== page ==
With statistics very much in their favour right now, can Subaru realistically be now considered as serious title challengers in their maiden Dunlop MSA British Touring Car Championship season?
The Japanese marque’s arrival on the grid was one of the main discussion points for 2016, Jason Plato and Colin Turkington spearheading the attack of an exciting and innovative project for a pin-up manufacturer icon of motorsport.
A design that has long been in the crosshairs of double BTCC champion Plato and long-time race engineer, Carl Faux, success came as early as the Levorg GT’s 10th race, when Turkington produced a lights-to-flag showcase in Cheshire at Oulton Park.
A sluggish start for the Silverline Subaru Team BMR quartet saw them amass a mere 13 points from the opening two meetings, although a severe scare arrived at Donington Park. A fiery exit for James Cole caused more dramatic ramifications at Thruxton in May, when a reoccurring fuel pressure-related mechanical problem resulted in the team’s Sunday withdrawal under safety grounds.
Since then, a remarkable recovery story has overtaken those headlines, while the statistics indicate that Subaru are upping the ante up front…
The minor 13-point combined tally from the opening three meetings is dwarfed by the 183 that followed at Oulton Park and Croft for Subaru, which included a brace of Turkington pole positions and race one victories.
Not just that, but five visits to the podium were the reward for team-mate Plato in those six encounters, meaning the duo have scored more points than any of their rivals with 96 and 87 respectively post-Thruxton.
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Subaru’s is also the best combined tally from their top two drivers in this six-race period, 44 points better off than current championship leaders BMW and West Surrey Racing.
More alarming is the margin that Subaru and their lead duo hold over the combined tally of Honda in this six-race phase. The BMR squad now sit fifth in the Teams’ Championship, as well as a much-reduced 141 points adrift of the Manufacturers’ Championship lead.
The current Drivers’ Championship situation?
Turkington’s rise to 11th sees him just 62 adrift of the series lead, while Plato lies 13th with an extra 16 points to make up on his team-mate.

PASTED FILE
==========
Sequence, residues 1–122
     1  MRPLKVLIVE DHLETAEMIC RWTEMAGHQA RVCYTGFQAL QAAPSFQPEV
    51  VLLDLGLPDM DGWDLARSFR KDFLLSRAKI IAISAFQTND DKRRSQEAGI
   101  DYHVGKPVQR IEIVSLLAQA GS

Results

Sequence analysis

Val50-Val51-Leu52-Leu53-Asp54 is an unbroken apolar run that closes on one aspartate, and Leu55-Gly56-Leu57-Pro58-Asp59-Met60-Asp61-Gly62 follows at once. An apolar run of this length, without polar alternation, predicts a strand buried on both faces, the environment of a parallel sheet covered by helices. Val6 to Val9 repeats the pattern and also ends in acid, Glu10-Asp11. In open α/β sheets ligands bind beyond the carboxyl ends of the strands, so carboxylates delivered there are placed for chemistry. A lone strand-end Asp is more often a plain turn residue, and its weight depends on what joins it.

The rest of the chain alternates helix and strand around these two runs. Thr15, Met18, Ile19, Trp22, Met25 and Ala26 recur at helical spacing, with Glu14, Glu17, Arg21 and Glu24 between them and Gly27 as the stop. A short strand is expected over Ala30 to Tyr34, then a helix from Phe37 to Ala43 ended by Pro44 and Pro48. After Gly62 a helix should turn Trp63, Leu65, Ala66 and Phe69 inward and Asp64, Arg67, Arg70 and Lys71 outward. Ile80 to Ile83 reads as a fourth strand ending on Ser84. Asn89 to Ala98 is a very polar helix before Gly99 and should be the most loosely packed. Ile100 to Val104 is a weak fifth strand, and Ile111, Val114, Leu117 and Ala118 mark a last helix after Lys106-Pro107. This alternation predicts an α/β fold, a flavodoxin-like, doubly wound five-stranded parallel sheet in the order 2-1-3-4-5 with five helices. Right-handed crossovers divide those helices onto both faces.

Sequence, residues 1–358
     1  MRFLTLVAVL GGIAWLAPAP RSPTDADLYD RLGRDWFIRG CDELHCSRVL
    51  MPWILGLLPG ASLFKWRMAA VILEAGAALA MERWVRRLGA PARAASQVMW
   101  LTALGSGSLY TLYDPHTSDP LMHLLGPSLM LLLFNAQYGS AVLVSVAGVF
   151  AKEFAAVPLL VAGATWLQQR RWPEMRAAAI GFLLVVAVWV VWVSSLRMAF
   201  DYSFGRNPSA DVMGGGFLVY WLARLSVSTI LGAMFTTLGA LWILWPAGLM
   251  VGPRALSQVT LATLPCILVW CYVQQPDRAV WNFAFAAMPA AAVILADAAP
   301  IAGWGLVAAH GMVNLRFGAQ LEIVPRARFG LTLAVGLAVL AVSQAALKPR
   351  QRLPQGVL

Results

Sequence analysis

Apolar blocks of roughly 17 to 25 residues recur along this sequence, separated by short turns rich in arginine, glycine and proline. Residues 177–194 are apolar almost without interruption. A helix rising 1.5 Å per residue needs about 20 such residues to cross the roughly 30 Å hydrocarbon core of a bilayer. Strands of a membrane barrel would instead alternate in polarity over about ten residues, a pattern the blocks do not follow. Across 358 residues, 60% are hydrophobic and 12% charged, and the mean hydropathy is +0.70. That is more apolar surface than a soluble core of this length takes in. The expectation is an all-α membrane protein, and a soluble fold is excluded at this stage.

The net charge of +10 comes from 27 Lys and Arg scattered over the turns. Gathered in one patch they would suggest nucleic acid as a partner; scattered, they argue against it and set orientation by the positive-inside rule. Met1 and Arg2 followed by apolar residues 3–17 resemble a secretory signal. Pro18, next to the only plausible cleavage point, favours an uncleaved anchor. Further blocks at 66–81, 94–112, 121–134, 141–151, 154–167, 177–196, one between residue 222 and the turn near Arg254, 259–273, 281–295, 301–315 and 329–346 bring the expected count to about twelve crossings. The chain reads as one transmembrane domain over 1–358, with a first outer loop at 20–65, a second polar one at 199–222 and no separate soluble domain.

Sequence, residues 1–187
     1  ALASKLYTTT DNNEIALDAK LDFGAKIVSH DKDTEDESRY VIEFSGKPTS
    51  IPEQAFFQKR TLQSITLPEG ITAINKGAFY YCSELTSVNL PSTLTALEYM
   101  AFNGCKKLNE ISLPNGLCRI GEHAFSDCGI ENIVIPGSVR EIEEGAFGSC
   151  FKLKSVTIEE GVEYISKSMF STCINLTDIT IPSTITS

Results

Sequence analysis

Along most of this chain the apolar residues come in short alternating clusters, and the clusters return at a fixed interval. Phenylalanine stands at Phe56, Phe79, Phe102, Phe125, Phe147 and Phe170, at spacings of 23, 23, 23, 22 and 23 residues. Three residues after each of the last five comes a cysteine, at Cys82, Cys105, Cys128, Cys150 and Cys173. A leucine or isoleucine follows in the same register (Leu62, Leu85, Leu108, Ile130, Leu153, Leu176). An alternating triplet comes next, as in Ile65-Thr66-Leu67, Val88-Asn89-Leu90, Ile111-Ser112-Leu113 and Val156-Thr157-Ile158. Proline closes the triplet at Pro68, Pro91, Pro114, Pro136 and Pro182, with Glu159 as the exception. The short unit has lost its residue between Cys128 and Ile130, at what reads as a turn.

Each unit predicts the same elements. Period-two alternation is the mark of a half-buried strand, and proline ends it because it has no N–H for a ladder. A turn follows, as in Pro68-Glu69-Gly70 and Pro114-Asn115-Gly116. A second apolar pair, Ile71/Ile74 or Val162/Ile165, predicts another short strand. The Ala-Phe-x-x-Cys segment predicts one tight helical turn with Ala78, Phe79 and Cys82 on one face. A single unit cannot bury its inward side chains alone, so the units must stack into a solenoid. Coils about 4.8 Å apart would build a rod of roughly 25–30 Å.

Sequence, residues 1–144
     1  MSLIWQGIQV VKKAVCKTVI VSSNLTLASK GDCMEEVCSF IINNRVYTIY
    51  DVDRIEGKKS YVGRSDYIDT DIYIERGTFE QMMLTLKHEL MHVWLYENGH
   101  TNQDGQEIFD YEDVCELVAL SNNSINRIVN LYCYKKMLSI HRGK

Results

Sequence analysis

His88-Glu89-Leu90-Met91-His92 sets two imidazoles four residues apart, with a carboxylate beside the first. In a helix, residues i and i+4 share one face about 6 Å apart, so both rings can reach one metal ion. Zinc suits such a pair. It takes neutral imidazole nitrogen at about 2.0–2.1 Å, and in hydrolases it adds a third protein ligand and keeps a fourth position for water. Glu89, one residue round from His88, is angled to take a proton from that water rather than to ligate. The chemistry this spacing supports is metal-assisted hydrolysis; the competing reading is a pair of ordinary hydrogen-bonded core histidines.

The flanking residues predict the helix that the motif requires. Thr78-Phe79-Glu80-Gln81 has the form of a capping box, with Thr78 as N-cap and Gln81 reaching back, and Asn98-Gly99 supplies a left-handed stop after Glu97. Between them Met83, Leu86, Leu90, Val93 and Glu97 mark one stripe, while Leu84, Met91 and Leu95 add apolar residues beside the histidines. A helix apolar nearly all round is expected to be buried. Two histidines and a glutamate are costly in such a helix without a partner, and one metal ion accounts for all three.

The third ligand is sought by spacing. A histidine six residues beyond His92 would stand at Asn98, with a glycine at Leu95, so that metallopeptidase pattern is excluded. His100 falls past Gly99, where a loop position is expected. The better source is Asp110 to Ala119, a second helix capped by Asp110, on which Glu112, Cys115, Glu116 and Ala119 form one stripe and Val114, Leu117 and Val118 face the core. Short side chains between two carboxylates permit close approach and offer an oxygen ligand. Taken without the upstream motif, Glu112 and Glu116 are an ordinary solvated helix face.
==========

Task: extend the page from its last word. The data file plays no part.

Although with a lot still to do if title success is to come as early as 2016, Turkington and team boss Warren Scott both refuse to discount a BMR shock just yet.
“We’ll never give up but we’re obviously coming from a long way back”, Turkington told TCF. “Missing Thruxton is a big dent in our chances but you just have to build the points and keep the consistency. The way this championship is set up, we’re not carrying success ballast so we can come and get poles and wins.”
Scott added: “The BMWs have still got a bit of weight on compared to us. We’ve got a bit more work to do, but hopefully we’ll get more weight on soon and be right back up there in the championship.”
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Are Rivals Concerned?
With the blue touch paper very much glowing now, how have Subaru’s rivals reacted further above them in the points table?
Championship leader Sam Tordoff is not counting out a late surge by the duo, although he feels comfortable that a rise up the order could soon see their qualifying efforts hampered by penalty ballast.
“We can’t discount them. They’ll go to Snetterton with no ballast on and will probably be somewhere near the front”, the series leader told TCF after Croft.
“But the more [Turkington] does that, the more ballast he’s going to get and then he’ll be getting to the point where he’s carrying a reasonable amount of weight.”
With the maximum 75kg of success ballast onboard on two occasions this season, Subaru came out second best to WSR on both occasions.
Triple champion Matt Neal has been one of those fighting such additional weight in his Honda Civic Type-R during the first half of the season, adding to TCF: “It’s so close, so if you qualify down there, you end up racing down there. Ballast hurts you.”
Improvements To Come
As to where gains will be made in the second half of the season, Plato in particular pointed towards unlocking further steadiness by way of chassis development in the Levorg.
“It’s very good”, enthused Plato on the progress of the Levorg after just five meetings. “There’s still things I want to change, but we’ve still got quit a lot of gains to come in the dry.
“We’ve got some aero work to come in our wind tunnel and new aero plans for Snetterton. We’re going to make big gains on our development of the chassis. We’re not quite right yet, but somewhere near the theory now. Every step we get down this line, we get better and better.”
Polar opposite to aero gains, straightline speed is another area Plato pointed out for improvement. Turkington found himself no higher than eighth in the overall speed traps in qualifying at Croft, albeit on his way to pole position with zero ballast in his Levorg.
The situation surrounding boost equality continues to be the centre of an ongoing debate not just at Subaru, but indeed down the grid.
After a troublesome brace of meetings most recently at Oulton Park and Croft, Honda were another team feeling the pain of being towards the foot of the speed trap figures, reigning champion Shedden telling TCF: “We need to try and find a bit more magic.
“When it’s as tight as it is, competitive it is and as good as the teams and drivers are, you don’t want to be that far off.”
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With half the season done and dusted, one thing is for sure – the championship fight will remain unpredictable until the final flag is waved.
With that in mind….it’s over to you now, Snetterton.